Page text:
PHARR — A forum in Pharr on Friday headlined by U.S. Sen. John Cornyn and U.S. Rep. Henry Cuellar provided insights to the recently negotiated North American Free Trade Agreement, its potential positive impact to the Rio Grande Valley and the prospects of the agreement’s passage in Congress.
“I believe it will be taken up for a vote this fall,” said Cuellar, the Democrat of Laredo whose district stretches along the Rio Grande to Mission.
It was a prediction of a vote that has eluded Congress and what officials have said needs to happen this fall for any chance at a passage. The United States-Canada-Mexico Agreement was approved last year by the three countries during a summit in South America. But only the Congress in Mexico has approved the trade pact.
The vote in the U.S. has been left to House Speaker Nancy Pelosi to bring to the floor.
“She has to work the House and there’s nobody who knows it better than she does,” Cornyn said during the forum at the Pharr Events Center on Friday, which also featured Luis Bazan, director of the Pharr-Reynosa International Bridge, Keith Patridge, president of the McAllen Economic Development Corporation, Ralph Cowen from the Port of Brownsville, Veronica Gonzalez from the University of Texas Rio Grande Valley and Salvador Contreras, who runs the Border Economics program at UTRGV.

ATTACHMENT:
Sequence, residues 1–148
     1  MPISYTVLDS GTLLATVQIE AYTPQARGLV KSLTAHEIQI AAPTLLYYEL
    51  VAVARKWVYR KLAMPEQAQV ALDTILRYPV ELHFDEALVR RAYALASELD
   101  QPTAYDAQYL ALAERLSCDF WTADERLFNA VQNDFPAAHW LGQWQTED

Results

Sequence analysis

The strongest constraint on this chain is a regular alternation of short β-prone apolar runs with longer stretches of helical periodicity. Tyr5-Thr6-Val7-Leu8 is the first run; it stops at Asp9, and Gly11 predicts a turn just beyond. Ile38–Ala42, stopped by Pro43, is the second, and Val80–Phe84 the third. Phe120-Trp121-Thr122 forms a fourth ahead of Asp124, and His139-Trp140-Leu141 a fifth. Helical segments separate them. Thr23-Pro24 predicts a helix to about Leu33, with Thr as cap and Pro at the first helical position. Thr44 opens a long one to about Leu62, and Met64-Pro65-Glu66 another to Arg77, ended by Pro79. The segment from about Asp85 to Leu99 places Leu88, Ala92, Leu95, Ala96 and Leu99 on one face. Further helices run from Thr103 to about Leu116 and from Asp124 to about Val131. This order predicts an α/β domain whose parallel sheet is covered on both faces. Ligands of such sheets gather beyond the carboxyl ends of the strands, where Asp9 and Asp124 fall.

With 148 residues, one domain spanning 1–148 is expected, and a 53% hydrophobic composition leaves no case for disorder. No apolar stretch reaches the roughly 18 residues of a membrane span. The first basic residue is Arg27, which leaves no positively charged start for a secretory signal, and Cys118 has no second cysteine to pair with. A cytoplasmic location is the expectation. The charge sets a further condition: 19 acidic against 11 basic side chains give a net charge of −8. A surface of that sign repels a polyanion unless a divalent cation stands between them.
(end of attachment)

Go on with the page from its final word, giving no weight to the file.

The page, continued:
Cornyn added: “I agree with Henry — if they tee it up in the House, then it will pass the Senate.”
The impacts to the region could be substantial, various speakers said.
“We see huge potential opportunities for the border communities, and particularly the Rio Grande Valley,” Patridge said.
If the last 25 years were any indication following the implementation of NAFTA in 1994, the new agreement could keep trade through South Texas trending upward.
“During that period of time, personal income quadrupled and employment doubled,” Contreras said.
Patridge added that 697 companies have opened during that same stretch, with half in the U.S. and half across the border in Mexico.
The new agreement has some sticking points for some Democrats, which Cuellar said he is hoping to help iron out. One notable change to the new USMCA agreement calls for 75% of automobiles to be assembled and manufactured in North America, up from 62.5% under NAFTA.
The window this fall is narrow for the agreement’s passage, and Patridge cautioned that there’s a provision in NAFTA that allows for the president to pull out of the pact within six months. While President Trump has threatened that before, he has not gone that far, and Robert Lighthizer, the U.S. Trade Representative, has not advised Trump to do so.
“My advice to Ambassador Lighthizer and anyone else who’s listening: That’s a terrible idea,” Cornyn said.